Old Masters Day Sale | 7 December
The cover lot for the sale is Head of a young woman by Michele Tosini, called Michele di Ridolfo, which is one of the finest examples of the Mannerist artist’s work (estimate: £30,000–50,000). Further sale highlights include a pair of monumental works with distinguished provenance by Luca Giordano, The Rape of Deianira; and The Rape of Persephone, dating to his artistic maturity (estimate: £70,000-100,000). They were previously owned by Richard Boyle, 3rd Earl of Burlington and displayed at Chatsworth House, and previously Chiswick House, Lord Burlington’s exceptional Palladian villa in west London. A fascinating view of Blackwell Yard from the Thames by Francis Holman, dated 1784, was owned by the Wigram family, who also owned half of Blackwall Yard by the early nineteenth century (estimate: £70,000–100,000). An elegant company playing cards by Pieter Codde, dated 1636, is a work by one of the most significant genre painters of his generation in Amsterdam (estimate: £50,000–70,000). Renowned for his depictions of elegant gatherings, with fashionably dressed people gaming, playing music and dancing, this small panel, painted at the height of his artistic powers, is an exceptional example of the lively, engaging scenes of daily life for which the painter became so well known.
The Eric Albada Jelgersma Collection Sale | 7 December
The Collection Sale on 7 December is the second part of the landmark sale of The Eric Albada Jelgersma Collection. It will comprise over 350 lots of furniture, decorative objects, sculpture, antiquities, silver, Asian works of art and a selection of the Old Master paintings. Eric Albada Jelgersma’s wider collection of sculpture, antiquities, English furniture, kunstkammer objects, silver, Chinese bronzes and ceramics was assembled with the same impeccable taste as the Old Master paintings and is no less expansive in its nature. The unique interiors in Brussels and Amsterdam provided the mise en scène for the impressive group of paintings. The interiors were assembled with the same impeccable taste, under the guidance of the renowned interior designer Axel Vervoordt. Please click here for the full press release.
British Art: Victorian, Pre-Raphaelite & British Impressionist Art | 11 December
Comprising 125 lots with estimates ranging from £700 to £100,000, the sale includes a wealth of treasures, including a collection of 26 works from the descendants of Sir Edward Coley Burne-Jones (lots 101-126). With the critically acclaimed Burne-Jones retrospective at Tate Britain running until 24 February 2019, the group – which features Love disguised as Reason (estimate: £40,000-60,000) – is likely to be received with heightened excitement within the market. The collection features many private drawings and sketches intended for the artist’s granddaughter Angela Mackail (later the novelist Angela Thirkell), which reveal Burne-Jones’ humorous and affectionate nature, including School for Dragon Babies, 1884 (estimate: £2,500-3,500). Building on this group, the sale offers a strong selection of Pre-Raphaelite pictures including a collection from Rossetti’s patron George Rae, and works by artists such as Arthur Hughes, John William Waterhouse – including Study of the head of a young man, possibly for 'Narcissus' (estimate: £60,000-80,000), Sir John Everett Millais and Simeon Solomon, including The Knight of the Lord's Passion (estimate: £30,000-50,000). Another highlight of the sale is an extremely rare striking watercolour on vellum, Bows, by Francis MacNair, the sister-in-law of Charles Rennie Mackintosh, and a key member of the avant-garde Glasgow School of Art ‘Four’ (estimate: £40,000-60,000). The sale also includes a strong selection of Sporting & Wildlife Art, led by a group of watercolours by Archibald Thorburn, including a magnificent depiction of Pheasant in the snow, 1909 (estimate: £80,000-120,000), and Maritime paintings including works by Eduardo de Martino and Montague Dawson.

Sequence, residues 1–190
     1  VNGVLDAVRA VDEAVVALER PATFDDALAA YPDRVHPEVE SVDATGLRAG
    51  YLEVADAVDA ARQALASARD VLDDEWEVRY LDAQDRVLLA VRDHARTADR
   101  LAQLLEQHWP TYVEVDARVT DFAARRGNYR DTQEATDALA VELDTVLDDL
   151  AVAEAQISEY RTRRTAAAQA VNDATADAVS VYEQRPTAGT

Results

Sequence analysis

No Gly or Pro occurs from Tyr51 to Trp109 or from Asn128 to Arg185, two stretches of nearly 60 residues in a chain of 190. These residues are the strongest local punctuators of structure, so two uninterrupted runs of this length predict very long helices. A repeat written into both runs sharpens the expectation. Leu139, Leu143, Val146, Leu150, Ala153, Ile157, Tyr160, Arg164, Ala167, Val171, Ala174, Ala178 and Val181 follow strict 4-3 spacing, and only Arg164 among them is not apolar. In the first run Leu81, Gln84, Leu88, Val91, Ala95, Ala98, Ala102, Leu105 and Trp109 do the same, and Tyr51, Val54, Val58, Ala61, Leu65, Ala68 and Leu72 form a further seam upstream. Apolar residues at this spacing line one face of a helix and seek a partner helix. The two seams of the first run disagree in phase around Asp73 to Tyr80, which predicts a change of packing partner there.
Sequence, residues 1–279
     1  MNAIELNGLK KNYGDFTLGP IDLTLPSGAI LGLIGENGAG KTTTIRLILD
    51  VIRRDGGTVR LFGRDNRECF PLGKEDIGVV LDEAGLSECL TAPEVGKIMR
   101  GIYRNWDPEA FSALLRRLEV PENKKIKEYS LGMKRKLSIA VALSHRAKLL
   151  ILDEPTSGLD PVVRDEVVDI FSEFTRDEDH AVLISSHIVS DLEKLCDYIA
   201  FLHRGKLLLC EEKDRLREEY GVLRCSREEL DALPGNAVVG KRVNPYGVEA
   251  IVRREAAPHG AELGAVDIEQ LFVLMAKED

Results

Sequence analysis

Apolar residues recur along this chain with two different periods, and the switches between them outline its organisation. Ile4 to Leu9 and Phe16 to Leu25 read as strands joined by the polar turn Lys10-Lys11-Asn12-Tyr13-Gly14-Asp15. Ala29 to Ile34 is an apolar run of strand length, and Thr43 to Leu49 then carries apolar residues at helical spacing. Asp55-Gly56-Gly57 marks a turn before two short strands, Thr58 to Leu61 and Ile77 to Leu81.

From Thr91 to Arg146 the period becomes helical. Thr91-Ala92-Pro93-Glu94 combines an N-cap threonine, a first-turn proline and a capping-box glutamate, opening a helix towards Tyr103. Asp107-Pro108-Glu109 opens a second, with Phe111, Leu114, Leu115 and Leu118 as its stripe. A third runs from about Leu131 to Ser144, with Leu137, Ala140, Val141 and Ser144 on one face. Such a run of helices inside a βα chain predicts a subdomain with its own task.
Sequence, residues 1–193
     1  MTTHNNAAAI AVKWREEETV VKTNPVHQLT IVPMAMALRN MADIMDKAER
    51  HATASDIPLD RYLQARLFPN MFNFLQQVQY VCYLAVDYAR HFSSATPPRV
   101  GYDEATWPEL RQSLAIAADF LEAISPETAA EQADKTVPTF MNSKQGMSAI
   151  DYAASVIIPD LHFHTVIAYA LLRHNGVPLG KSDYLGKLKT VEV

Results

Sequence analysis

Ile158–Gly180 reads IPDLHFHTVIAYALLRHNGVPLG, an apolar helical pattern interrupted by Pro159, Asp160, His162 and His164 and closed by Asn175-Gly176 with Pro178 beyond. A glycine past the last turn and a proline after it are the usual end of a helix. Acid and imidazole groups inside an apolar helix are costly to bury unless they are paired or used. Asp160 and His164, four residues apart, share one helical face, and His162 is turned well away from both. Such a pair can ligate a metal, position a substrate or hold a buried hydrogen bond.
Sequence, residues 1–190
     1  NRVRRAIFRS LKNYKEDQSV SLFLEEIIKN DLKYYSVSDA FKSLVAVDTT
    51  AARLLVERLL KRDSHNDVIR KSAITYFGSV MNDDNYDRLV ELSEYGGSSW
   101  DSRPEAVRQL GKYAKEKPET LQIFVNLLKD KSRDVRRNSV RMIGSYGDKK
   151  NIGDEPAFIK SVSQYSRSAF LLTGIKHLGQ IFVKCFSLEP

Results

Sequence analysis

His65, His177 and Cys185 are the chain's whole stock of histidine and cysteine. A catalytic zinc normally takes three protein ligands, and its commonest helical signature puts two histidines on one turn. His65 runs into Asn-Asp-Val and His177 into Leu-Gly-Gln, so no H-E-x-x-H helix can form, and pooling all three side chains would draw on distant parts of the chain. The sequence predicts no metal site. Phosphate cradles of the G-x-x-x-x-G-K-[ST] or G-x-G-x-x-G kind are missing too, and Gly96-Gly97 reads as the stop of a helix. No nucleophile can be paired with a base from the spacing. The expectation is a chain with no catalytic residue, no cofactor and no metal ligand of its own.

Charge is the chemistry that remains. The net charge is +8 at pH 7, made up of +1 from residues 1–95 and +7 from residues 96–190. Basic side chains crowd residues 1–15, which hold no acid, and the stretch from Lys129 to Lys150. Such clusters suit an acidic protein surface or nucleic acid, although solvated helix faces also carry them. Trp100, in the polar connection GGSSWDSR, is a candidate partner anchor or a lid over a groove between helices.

19th Century European Art | 11 December
Comprising 63 lots, with estimates ranging from £4,000 to £600,000, the sale is led by Arnault and two Whippets, 1867, by Jean-Léon Gérôme (estimate: £400,000-600,000). Renowned Gérôme scholar - the late Professor Gerald Ackerman - wrote extensively on this work, noting that this is a splendid painting; in it, one sees Gérôme at his happiest, and in the tassels, at his witty best. Within this work, he depicts his favourite subjects: animals, costumes and weapons - and he does so flawlessly. Gondolas before the Molo, Venice by Félix Ziem will be included in the forthcoming supplement to the catalogue raisonné (estimate: £80,000-120,000). The artist’s views of Venice are his most compelling and sought-after compositions, whilst he also painted in Constantinople, North Africa and in the forest of Fontainebleau. This work glorifies both Venice’s architecture and daily activities. White Lilacs,1888, by Henri Fantin-Latour reveals the artist’s mastery of still-life painting (estimate: £60,000-80,000). Held in high regard among fellow painters and critics in the Batignolles group, whose best-known member was Edouard Manet, Fantin-Latour’s work was also collected by American artist James McNeill Whistler. Further highlights in the sale include The Count of Palatino in the costume of a Palikar by Richard Parkes Bonington (estimate: £40,000-£60,000).